Koh Samui has a large expat community, with the majority being from the UK, France, Germany, Scandinavia and Russia. The island has several good schools, and boasts the UK affiliated International School of Samui to cater for both the expat family needs as well as those of wealthier Thais. Most locals can speak a fair amount of English, being exposed to so many foreigners, and with tourism being the island's main income. Samui offers all the modern conveniences, with supermarkets such as Tesco Lotus, Big C and Macro. The island has a bowling alley and cinema, five hospitals, and an abundance of optometrists, dentists and pharmacies. It does not at this stage have the large shopping malls of Phuket. With all of these western influences, Samui may no longer be considered 'real Thailand', but there are still areas of culture to be found. One only has to attend a buffalo fight, bird singing competition, or authentic Muay Thai fight to see where the locals congregate in their free time.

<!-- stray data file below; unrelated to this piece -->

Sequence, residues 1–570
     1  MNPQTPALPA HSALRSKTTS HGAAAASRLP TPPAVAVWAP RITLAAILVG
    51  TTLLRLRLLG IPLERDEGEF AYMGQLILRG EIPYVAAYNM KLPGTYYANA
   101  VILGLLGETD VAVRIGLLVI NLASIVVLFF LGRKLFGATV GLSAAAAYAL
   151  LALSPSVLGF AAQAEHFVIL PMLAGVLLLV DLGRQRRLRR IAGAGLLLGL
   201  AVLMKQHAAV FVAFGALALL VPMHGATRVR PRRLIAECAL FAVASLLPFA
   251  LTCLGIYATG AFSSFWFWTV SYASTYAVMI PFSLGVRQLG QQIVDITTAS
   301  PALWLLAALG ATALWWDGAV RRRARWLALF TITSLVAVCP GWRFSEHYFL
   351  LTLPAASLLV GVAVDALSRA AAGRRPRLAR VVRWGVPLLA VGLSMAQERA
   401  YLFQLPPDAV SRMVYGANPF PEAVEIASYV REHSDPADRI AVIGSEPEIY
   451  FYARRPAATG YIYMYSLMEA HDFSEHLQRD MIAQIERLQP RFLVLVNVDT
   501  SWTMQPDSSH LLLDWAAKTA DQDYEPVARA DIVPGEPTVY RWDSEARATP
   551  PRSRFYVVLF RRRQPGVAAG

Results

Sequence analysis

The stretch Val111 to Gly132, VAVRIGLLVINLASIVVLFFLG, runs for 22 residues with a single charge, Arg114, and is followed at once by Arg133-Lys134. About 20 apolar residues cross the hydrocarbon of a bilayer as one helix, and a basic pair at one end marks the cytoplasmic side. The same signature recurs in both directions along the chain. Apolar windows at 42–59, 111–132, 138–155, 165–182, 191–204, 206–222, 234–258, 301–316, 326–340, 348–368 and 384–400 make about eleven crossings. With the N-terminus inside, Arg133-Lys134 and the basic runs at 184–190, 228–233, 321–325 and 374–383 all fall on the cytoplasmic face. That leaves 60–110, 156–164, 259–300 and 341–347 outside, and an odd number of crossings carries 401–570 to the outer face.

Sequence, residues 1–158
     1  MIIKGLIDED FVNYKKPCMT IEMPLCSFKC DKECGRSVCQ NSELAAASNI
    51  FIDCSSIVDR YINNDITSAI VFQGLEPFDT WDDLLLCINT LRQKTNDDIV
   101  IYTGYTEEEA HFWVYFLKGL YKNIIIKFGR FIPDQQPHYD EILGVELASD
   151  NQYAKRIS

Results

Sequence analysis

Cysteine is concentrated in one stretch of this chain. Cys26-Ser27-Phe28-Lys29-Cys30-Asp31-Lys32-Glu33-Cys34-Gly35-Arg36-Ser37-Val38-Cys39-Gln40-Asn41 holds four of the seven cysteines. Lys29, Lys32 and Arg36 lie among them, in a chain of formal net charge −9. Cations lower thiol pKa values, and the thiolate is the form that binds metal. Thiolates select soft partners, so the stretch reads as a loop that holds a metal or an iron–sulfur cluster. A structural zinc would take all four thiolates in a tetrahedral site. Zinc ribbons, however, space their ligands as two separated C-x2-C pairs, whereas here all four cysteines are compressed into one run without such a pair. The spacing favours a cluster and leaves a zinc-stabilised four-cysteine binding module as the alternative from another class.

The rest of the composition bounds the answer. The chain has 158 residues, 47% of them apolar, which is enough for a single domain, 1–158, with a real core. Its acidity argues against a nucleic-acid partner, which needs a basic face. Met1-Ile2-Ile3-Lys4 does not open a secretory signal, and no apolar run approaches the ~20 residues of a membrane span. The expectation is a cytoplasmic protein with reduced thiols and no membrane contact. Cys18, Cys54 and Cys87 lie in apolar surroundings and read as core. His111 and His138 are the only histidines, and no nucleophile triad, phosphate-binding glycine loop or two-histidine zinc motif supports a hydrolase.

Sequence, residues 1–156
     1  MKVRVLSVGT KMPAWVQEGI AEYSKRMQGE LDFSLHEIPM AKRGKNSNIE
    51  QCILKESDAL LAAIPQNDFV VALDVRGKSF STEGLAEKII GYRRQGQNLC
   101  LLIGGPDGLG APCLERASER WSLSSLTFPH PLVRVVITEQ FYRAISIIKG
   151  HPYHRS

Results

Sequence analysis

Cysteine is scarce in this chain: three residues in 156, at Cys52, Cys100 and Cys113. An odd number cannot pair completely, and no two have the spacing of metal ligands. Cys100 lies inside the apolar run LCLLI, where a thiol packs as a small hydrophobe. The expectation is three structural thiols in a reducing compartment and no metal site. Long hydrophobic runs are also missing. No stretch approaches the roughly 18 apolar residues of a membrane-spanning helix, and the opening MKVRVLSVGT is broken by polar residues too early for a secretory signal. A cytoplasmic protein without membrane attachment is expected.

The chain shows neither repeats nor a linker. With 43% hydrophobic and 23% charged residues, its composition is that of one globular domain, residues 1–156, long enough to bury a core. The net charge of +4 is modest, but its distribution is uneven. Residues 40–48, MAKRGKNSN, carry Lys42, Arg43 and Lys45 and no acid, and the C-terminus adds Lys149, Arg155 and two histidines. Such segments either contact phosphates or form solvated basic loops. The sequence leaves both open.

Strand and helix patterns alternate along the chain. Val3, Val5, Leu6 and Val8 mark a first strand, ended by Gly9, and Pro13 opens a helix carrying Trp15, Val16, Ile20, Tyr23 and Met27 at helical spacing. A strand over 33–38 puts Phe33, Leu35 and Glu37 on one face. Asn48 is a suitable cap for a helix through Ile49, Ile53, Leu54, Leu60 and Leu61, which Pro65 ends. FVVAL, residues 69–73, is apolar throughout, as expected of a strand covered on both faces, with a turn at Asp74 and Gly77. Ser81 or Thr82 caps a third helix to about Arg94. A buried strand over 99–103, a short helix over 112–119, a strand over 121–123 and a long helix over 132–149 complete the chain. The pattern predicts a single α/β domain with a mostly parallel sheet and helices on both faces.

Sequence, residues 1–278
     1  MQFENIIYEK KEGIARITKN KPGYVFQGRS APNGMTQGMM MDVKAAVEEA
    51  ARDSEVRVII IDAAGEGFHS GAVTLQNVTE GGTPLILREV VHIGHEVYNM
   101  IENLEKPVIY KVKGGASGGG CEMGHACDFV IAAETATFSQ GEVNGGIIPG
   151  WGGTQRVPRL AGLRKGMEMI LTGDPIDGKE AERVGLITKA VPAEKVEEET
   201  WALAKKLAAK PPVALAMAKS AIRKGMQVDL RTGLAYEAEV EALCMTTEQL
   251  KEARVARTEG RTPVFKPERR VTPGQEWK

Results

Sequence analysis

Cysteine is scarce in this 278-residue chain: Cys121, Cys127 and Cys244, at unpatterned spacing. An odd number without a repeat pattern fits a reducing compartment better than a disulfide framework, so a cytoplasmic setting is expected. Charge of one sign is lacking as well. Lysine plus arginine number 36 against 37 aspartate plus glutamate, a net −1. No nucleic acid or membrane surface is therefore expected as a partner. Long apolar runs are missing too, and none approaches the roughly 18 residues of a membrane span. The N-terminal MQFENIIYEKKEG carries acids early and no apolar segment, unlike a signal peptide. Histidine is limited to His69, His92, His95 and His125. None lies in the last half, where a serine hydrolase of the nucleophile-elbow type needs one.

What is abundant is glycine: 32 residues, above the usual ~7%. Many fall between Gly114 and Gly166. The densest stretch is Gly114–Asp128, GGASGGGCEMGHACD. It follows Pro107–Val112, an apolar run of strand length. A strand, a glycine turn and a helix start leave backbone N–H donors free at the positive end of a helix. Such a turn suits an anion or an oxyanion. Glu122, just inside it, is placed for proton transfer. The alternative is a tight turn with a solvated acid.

Samui has a number of excellent viewpoints, though you'll either need to be on a tour or have your own transport to reach them. The most popular is Secret Garden, a large sculpture garden off the Airforce road towards the centre of the island. Built by a fourth generation Samui native who died a few years ago, the sculptures are based on the Buddhist scriptures and are certainly worth taking a peek at. The big selling point here though, are the stunning views. Other viewpoints include Woodlands Resort and the Yod Khao Restaurant. Both are marked on maps of the island. A road constructed in 2010 now joins Lamai to Mae Nam. From Lamai, it leaves the Ring Road near Tamarind Springs, and from Mae Nam, turn left at the bridge opposite My Bar. This road winds through the jungle, banana and coconut plantations and over hills, offering spectacular views as well as scenery from old Samui, as it is not yet developed along the road.